4) Nuts: Walnuts, almonds, peanuts — all of them are good additions to a salad, as far as Friedman is concerned. “Nuts are loaded with antioxidants, fiber, protein, vitamins, minerals and unsaturated fats,” he explains. “The health benefits of eating nuts include lowering cholesterol, weight control and reducing the risk of cancer.”
“The most common nuts found at most salad bars are almonds and pecans,” Friedman continues. “Almonds contain more fiber than any other nut — about three grams per ounce — and are also the highest in Vitamin E.” In the body, vitamin E acts as an antioxidant, protecting cells from damage caused by free radicals, and Friedman adds that almonds can help regulate blood sugar, making them great for diabetics, too.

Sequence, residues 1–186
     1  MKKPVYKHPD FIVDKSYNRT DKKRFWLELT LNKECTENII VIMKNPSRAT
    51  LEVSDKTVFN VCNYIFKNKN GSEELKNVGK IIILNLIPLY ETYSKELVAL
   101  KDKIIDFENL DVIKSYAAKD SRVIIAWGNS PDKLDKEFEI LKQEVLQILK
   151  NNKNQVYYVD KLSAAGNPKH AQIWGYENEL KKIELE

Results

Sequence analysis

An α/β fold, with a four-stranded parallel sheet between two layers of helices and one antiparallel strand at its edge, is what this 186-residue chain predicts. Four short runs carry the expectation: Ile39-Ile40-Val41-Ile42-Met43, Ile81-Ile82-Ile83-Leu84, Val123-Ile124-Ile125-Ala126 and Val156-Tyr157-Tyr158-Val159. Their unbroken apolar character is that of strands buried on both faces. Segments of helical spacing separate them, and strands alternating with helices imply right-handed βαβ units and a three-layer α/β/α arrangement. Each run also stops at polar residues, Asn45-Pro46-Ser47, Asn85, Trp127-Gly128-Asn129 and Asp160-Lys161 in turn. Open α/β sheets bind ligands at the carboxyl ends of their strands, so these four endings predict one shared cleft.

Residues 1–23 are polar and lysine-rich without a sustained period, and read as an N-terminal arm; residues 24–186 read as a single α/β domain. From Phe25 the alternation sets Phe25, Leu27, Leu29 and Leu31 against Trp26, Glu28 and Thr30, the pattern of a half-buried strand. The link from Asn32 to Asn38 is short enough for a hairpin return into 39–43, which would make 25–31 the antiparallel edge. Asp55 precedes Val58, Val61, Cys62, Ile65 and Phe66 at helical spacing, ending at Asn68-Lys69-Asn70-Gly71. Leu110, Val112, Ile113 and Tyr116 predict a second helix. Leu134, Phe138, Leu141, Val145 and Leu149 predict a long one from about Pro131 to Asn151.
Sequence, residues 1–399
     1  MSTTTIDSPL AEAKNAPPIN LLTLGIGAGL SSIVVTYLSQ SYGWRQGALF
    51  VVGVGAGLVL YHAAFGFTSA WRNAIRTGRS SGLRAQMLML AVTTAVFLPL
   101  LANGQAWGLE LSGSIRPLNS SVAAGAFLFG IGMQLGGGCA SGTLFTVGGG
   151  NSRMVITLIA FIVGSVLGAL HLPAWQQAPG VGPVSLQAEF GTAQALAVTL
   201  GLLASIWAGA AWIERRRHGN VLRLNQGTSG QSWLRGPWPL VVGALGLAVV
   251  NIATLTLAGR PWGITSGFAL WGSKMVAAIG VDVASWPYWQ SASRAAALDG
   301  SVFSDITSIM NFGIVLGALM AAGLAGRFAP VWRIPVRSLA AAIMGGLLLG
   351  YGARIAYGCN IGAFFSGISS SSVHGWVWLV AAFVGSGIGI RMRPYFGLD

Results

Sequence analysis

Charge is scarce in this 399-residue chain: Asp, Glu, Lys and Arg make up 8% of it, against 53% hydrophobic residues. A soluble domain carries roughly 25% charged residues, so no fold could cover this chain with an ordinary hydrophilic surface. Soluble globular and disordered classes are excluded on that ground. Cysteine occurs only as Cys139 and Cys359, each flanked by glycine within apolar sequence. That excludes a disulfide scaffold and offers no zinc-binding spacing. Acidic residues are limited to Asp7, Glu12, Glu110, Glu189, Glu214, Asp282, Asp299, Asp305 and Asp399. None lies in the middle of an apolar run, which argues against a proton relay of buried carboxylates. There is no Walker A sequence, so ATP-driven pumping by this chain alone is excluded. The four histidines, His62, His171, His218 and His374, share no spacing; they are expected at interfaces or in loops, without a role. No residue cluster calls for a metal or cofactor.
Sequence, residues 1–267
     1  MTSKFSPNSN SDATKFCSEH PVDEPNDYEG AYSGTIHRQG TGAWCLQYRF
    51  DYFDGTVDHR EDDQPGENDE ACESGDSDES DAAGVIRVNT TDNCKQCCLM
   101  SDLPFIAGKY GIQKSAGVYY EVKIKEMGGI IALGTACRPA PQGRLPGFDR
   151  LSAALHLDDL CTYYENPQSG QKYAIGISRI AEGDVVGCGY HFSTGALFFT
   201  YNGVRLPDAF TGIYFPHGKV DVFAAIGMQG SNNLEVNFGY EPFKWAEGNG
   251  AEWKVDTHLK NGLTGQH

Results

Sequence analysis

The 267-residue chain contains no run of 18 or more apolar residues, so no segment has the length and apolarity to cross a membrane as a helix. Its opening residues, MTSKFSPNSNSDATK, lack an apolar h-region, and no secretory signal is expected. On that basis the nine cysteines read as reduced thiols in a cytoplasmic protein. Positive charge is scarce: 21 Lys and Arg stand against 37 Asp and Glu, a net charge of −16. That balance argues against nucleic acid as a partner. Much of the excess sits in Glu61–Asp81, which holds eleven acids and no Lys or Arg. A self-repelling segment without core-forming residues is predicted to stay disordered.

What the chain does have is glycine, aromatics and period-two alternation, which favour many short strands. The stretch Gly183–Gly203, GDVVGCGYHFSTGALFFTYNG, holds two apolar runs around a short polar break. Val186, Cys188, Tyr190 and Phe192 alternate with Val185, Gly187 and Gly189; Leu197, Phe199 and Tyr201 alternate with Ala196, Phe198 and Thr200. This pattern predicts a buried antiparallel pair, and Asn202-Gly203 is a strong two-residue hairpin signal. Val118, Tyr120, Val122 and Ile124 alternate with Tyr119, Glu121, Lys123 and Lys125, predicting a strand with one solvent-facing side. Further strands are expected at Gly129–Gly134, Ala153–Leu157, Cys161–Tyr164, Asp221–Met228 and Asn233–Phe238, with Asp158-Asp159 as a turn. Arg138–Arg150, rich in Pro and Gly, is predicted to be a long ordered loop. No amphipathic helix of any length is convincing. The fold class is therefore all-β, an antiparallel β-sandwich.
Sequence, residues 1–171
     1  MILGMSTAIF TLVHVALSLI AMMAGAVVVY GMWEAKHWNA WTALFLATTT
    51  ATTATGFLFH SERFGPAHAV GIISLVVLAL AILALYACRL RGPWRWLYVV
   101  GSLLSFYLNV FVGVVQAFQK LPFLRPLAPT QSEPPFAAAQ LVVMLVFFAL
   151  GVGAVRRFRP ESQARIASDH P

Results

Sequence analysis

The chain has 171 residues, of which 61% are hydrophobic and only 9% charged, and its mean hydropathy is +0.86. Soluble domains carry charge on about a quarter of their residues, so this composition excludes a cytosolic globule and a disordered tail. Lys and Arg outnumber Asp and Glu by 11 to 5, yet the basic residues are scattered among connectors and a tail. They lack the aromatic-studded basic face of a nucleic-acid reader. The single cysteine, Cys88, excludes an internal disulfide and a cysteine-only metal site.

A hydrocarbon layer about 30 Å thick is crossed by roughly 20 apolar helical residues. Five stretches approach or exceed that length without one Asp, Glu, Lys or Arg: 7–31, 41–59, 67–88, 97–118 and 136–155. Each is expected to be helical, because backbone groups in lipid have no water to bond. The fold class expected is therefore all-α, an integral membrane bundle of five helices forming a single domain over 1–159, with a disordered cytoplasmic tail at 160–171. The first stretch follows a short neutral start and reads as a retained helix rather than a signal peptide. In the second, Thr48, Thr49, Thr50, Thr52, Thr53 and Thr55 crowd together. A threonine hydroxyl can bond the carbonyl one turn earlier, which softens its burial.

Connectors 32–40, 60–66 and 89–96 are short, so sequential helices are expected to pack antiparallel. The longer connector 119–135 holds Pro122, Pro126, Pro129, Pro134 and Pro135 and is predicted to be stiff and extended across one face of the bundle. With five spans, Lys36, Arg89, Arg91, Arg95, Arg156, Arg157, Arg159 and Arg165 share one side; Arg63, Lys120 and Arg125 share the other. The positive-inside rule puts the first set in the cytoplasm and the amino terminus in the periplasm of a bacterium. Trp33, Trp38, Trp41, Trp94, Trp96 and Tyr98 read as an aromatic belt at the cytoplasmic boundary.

Pecans, meanwhile, “contain monounsaturated fats, which may help improve cholesterol levels,” says Friedman. “Pecans give you more flavonoids than any other nut, too: Flavonoids are among the most anti-inflammatory of all antioxidants, helping to combat cardiovascular disease and the negative effects of aging.”
All in all, never hesitate to nut all over your salad.
5) Olives: Another healthy salad topper, “Olives are low in cholesterol and good sources of dietary fiber, which the body needs for good gut health,” explains Friedman. “They’re also rich in antioxidants, including oleuropein (anti-inflammatory, anti-cancer), hydroxytyrosol (anti-bacterial, anti-fungal), tyrosol (combats heart disease), oleanolic acid (improves liver function) and quercetin (lowers blood pressure).”
Olives can help your body deal with all the stress you’ve been feeling as a result of your resolution to eat healthy, too. “The powerful polyphenols in olives can protect against oxidative stress and chronic inflammation, a key initiating factor of heart disease,” Friedman confirms.